KPC Prompt: Once when I was a child…
Growing up, I adored my older siblings. I especially wanted to be like my older sisters. I was always in awe of their grown up ways, and couldn’t wait to be like them. We used to sit at the kitchen table and do our homework at the same time. Our parents were often already in bed or in their bedroom watching television. Once when I was young, in the second grade to be exact, two of my three older sisters often entertained me with stories. This particular evening we had been reading “Snow White and The Seven Dwarfs”. Of course, my reading skills were not that great at that time. The older of the two sisters was in eleventh grade and the other one was in the seventh grade. The older one got a gleam in her eye and giggled. “Let’s make a modern version of this story.”
The two of them whispered and giggled and pushed me away while they wrote, scratched out and rewrote on the piece of paper they had ripped from one of their notebooks. I so wanted in on the party. Finally, the older one agreed to read it to me. She pretty much read me Snow White with names placed in for the dwarfs and a much more fun and interesting plot. I can’t exactly remember what they read (or pretended to read) to me from those pages, but I remember that I did not think it was nearly as comical as they did. At any rate, I guessed I just wasn’t as sophisticated as they were. However, I was impressed that they could write even better than a book! I decided that I would take this story in and show this teacher who I didn’t think liked me much in the first place. Yes, I guess you could say I was trying to score some brownie points.
The next day, I went over to Mrs. Rotch during recess and asked her if she’d like to read the really good story that my sister’s wrote. I went on about how smart they were and how they could have their own books. My teacher’s face contorted a bit as she read it. She then questioned if they had read it to me. I told her yes. Then she wanted me to tell her the story they told me. Then she nodded. I said, “they really wrote a good story, huh?”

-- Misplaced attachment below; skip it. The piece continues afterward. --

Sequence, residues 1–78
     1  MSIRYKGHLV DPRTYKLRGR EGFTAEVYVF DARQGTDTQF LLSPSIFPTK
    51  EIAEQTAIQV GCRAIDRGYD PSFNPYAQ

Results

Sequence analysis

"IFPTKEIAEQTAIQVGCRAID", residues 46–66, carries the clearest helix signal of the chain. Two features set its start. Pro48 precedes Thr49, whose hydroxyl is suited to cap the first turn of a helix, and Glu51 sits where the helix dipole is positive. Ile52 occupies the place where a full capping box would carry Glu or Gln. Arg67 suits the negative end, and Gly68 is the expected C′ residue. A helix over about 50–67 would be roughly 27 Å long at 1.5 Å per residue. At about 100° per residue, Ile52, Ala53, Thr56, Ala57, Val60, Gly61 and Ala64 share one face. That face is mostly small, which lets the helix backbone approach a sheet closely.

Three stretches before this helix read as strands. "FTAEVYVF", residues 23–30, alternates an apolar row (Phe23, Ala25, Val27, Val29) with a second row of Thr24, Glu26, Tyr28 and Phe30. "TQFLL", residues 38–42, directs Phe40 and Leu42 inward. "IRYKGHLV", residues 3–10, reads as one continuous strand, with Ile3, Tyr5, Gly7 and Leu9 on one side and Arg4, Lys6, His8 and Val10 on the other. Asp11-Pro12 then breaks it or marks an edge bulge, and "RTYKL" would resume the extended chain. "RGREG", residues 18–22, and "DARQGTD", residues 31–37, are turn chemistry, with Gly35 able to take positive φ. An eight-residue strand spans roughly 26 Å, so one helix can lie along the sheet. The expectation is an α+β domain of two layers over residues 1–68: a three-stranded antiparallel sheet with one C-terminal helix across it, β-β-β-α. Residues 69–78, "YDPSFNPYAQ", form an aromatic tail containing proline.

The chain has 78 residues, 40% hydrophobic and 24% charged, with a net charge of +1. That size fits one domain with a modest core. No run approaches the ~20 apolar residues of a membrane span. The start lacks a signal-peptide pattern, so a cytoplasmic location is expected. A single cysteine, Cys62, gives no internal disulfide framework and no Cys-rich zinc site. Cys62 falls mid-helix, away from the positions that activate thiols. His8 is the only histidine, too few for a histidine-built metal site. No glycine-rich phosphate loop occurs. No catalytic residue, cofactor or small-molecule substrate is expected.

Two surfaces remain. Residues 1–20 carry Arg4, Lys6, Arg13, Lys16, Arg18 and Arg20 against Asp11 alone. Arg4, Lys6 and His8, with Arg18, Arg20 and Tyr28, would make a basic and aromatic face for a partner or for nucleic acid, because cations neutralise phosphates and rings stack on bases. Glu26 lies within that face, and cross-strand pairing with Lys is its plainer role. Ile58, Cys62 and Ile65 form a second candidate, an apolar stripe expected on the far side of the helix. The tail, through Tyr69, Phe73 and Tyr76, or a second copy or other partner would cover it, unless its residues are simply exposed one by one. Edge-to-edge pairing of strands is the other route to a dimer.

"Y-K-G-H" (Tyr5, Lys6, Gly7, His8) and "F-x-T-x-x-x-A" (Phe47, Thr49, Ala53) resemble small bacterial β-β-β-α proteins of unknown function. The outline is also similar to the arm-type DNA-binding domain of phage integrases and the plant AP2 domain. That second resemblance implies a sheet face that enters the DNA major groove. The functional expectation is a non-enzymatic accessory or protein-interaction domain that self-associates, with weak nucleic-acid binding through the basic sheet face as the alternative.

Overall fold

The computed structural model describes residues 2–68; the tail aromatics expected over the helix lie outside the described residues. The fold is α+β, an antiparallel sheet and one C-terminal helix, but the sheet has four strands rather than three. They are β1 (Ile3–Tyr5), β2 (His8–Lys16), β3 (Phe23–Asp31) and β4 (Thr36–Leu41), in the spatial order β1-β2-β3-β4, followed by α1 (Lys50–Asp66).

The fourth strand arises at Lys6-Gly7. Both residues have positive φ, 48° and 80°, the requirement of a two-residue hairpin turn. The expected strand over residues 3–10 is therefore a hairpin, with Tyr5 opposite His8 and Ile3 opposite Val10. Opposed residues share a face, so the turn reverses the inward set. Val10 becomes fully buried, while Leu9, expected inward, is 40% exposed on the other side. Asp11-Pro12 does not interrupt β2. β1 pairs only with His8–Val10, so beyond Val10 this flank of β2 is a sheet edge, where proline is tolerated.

She looked at me and smiled and asked if my parents had seen it. I told her no. I asked for it back. She stuffed it in her pocket and told me she’d like to keep it. She told me to make sure I told my sister that she thought it was so good she wanted to keep it. She kind of grinned when she said it. The school day couldn’t end quickly enough. I couldn’t wait to get home to tell my sisters. I was nearly bursting with excitement.
When I got home that day, I was stumbling over the words to tell them how much Mrs. Rotch loved their story. The older of my two sister’s nearly fell out. Her mouth dropped open. “What? Tell me you did NOT take that story to school!”
“Yes, I did. And she loved it!”
“How did you find it?”
“I saw you stick it in your book.” She grabbed her book and started flipping the pages and shaking the book upside-down.
“Where is it now?”
“She wanted to keep it. She said it was that good.”
She looked at my other sister. “Ou-oh, we’re in trouble now!”
I don’t know exactly what they wrote in the story, but as an adult now, I can only imagine. Neither of them remember this incident, so I am guessing they did not get in trouble. And maybe, Mrs. Rotch had a side of her that the second graders didn’t know about!